Well, at least the Aberdeen fans were more clinical than the players. As the not-so Dandy Dons huffed and puffed in their attempts to break down St Mirren’s stubborn, jutted-jaw defiance, a posse from the red and white legion got straight to the point. “Derek, Derek get tae ****” came the bellow from the away end as some brassed off followers told Derek McInnes to venture to a destination that you won’t find in the holiday brochures.

It was a frustrating afternoon all round for Aberdeen. They have won just two of their last eight league games and have scored just once in three games. McInnes’ men had plenty of possession, had numerous set-pieces and got themselves into decent areas but there was a sighing lack of guile and instinct at the key moments while the cutting edge was about as sharp as a baby’s rattle. The addition to the starting XI of new signing, Matty Kennedy, did little to help the creative cause. Aberdeen even had a clear-cut penalty waved away after Sam Cosgrove was hauled to the floor by Conor McCarthy.

If that was a sore one to stomach, then the reaction of some of the fans at the conclusion just about had McInnes reaching for the antacids.

“I’m a bit gutted by it,” he lamented. “I don’t think it was a lot of them but it was enough to be heard. I’m disappointed, of course I am. We’re all human at the end of the day. You don’t sign up to being Aberdeen manager to be popular. If results don’t come you expect criticism, but I’m confident we’ve got the squad here to meet the demands put on us. We just didn’t do enough to get that goal and we’ve got to take responsibility for that.”

With a cold, swirling wind posing plenty of mischief it took a wee while for the players to get to grips with this particular meteorological menace. There was plenty of industry on show but not much invention and it was Aberdeen who had the better moments. Ash Taylor found himself in splendid isolation and met a corner but he made a hash of the header and it drifted harmlessly wide.

Not long after that, the visitors were gifted another chance through the kind of defensive sloppiness that would have added a one or two more grey flecks to Jim Goodwin’s already silvery coiffure. Vaclav Hladky, the St Mirren keeper, nonchalantly caressed a lazy pass out to Akin Famewo in the box but Niall McGinn pounced and was only denied a goal when Famewo spared his custodian with a lunging block.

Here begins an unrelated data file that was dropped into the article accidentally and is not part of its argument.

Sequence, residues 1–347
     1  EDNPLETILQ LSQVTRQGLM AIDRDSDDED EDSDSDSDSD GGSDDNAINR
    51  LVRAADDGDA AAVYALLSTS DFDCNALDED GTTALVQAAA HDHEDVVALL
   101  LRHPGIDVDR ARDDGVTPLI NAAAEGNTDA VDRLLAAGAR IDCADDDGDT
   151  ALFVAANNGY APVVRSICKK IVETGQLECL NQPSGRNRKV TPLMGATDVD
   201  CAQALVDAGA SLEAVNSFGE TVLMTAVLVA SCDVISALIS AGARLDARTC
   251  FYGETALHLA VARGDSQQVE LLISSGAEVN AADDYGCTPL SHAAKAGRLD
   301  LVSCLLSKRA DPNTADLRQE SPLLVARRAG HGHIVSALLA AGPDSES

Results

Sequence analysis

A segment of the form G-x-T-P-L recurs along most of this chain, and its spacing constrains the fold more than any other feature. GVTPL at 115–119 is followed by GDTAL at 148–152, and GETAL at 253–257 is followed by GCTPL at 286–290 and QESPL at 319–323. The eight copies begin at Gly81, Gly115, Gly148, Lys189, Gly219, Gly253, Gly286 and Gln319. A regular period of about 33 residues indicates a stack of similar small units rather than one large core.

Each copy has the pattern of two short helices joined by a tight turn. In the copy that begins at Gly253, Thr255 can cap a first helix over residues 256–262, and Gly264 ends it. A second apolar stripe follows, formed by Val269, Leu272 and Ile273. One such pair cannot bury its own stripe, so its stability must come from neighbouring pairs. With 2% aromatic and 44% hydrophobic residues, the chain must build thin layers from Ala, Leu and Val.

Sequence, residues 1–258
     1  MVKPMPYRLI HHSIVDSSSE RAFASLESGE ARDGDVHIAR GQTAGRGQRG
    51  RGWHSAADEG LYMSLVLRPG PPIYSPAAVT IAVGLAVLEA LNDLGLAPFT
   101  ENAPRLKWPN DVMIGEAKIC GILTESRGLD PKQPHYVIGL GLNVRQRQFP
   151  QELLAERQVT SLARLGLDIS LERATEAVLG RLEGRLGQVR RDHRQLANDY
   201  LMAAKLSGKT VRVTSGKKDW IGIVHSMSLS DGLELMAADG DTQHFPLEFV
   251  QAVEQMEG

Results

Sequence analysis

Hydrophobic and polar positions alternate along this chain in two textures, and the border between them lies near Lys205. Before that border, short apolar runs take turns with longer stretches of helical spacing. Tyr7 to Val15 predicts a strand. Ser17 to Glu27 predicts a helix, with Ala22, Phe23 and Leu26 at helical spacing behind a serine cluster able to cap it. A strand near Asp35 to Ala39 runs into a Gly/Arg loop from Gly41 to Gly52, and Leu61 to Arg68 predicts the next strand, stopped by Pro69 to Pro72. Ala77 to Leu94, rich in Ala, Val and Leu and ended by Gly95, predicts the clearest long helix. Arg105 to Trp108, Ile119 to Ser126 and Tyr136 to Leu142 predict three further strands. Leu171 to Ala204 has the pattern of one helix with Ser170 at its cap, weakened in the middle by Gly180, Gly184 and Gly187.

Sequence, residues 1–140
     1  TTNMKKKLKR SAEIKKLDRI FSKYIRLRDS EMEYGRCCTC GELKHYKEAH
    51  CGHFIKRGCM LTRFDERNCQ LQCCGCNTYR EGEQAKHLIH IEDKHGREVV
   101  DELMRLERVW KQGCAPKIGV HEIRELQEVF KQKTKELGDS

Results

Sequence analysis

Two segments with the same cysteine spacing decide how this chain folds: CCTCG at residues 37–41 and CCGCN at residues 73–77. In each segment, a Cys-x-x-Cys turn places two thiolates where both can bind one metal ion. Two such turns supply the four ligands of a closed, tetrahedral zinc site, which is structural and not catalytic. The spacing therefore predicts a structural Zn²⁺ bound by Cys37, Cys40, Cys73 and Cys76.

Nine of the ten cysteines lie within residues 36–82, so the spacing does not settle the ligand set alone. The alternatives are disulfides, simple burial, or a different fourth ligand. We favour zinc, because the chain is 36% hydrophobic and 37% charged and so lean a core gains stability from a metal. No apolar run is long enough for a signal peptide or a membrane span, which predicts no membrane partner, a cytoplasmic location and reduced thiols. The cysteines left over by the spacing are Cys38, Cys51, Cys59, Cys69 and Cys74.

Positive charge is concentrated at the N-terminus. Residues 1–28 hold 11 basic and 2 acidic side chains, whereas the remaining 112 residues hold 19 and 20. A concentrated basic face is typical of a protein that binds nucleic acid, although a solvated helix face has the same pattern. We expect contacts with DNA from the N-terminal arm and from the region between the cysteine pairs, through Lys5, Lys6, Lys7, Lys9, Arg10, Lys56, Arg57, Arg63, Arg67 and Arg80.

The St Mirren defence was creaking like the outhouse door in a gale as Aberdeen probed away and upped the pressure. On the half-hour, Scott McKenna was presented with a chance but his strike was deflected over by another desperate act of salvage.

They may have been under the cosh but the hosts remained resolute, disciplined and organised and with half-time looming they almost pinched the lead. A calamitous pass back to his keeper by Dylan McGeouch was seized upon by Jon Obika but his cushioned effort came back off the post.

That out-of-the-blue chance may have been spurned but it gave St Mirren a lift. They emerged for the resumption with purpose and Tony Andreu had a shot saved while the lively Ilkay Durmus whistled a raking drive just wide. At the other end, Funso Ojo tried his luck from distance but Hladky saved down low. Aberdeen had ran out of ideas while St Mirren were deserving of their point.

“Three or four months ago we might have lost that game 1-0,” said Goodwin. “This was a positive point in the right direction. I’m just glad I’m not here talking about another hard luck story.”

Goodwin added that Paul McGinn, who was on the St Mirren bench yesterday, could be on his way to Hibernian. “There’s been an enquiry and the ball is in Paul’s court,” he said. “We don’t want to lose anyone, especially someone as important as Paul has been to this club over the years. But we don’t want to keep a player that is unhappy.”